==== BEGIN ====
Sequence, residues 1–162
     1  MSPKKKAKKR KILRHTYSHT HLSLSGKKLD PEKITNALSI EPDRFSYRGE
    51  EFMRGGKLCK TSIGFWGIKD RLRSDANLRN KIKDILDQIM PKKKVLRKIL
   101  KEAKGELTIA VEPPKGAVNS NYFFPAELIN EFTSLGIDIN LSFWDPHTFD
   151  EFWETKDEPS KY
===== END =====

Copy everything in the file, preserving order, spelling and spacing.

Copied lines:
Sequence, residues 1–162
     1  MSPKKKAKKR KILRHTYSHT HLSLSGKKLD PEKITNALSI EPDRFSYRGE
    51  EFMRGGKLCK TSIGFWGIKD RLRSDANLRN KIKDILDQIM PKKKVLRKIL
   101  KEAKGELTIA VEPPKGAVNS NYFFPAELIN EFTSLGIDIN LSFWDPHTFD
   151  EFWETKDEPS KY